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Mountain Lions and Poultry: A Win-Win?

By Claire Kaufman, Environmental and Sustainability Program Manager

Most people don’t set up a poultry operation in an area known for mountain lion activity. Yet for farmer Paul Grieve, flourishing habitat is an integral part of farming. “The important thing to us is that we build an ecosystem. Our role is to steward the land and grow a great environment for Mother Nature.”

Livestock guardian dogs help ensure the pastured poultry stay safe from predators. Credit: Primal Pastures

Paul and his family are restoring the grasslands of a former potato field in Southern California, so that is both useful to him and his family, and to the native wildlife that pass through the area. Instead of killing mountain lions when they encroach on the land, he uses a variety of methods to protect the chickens. “We end up seeing snakes, rabbits, birds, worms, deer, and coyotes. I love being able to see those guys come through the farm but not interrupt our operations. Knowing that mountain lions are around makes it even better. It means we’re doing something right.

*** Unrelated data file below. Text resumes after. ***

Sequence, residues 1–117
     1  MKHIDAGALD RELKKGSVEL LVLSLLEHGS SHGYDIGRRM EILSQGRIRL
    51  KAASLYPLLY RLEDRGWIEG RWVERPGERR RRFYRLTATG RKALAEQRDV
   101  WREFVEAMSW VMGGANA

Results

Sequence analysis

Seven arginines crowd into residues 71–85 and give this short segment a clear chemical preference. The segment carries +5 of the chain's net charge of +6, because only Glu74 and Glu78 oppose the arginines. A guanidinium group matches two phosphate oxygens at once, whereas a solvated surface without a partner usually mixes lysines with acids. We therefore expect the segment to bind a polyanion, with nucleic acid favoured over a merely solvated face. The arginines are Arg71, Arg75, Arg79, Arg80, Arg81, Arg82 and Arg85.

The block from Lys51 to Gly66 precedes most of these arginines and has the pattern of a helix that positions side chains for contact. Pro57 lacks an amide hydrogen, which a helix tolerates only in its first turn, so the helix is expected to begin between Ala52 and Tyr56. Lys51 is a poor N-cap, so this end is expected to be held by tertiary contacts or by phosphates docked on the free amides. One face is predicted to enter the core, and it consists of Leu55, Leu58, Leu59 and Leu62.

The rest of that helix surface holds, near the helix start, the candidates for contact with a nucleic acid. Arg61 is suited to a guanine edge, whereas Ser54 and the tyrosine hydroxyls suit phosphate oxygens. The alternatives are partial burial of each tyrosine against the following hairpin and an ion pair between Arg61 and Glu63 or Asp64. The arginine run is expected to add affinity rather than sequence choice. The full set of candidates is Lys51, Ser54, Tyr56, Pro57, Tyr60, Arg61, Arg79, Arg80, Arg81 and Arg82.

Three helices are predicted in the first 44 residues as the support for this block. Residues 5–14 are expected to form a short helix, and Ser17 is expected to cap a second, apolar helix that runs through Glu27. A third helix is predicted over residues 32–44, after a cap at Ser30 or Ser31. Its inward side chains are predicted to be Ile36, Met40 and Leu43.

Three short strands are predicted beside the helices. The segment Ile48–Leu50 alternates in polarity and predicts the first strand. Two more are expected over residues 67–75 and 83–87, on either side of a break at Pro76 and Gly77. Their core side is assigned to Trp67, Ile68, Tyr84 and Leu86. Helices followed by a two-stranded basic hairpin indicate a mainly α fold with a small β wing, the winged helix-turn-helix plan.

Paul’s farm, Pasturebird, has become Southern California’s first farm to achieve Certified Wildlife Friendly® status. Certified Wildlife Friendly® recognizes farms and ranches committed to regenerative practices that enable wildlife and livestock to coexist. Along with peers around the globe, Pasturebird and Primal Pastures are part of a progressive wave of agriculture that models the critical role of farms and ranches in sustaining wildlife and habitat.

Through your support of Wildlife Friendly Enterprise Network, many amazing farmers like Paul have learned how to co-exist with predators, and have received the certification necessary to be recognized for these efforts. We are currently working to help farmers co-exist with bears and wolves in the United States.

You can make all the difference! Click here to help farmers co-exist with bears, and here to help farmers co-exist with wolves.

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by Claire Kaufman, January 26, 2018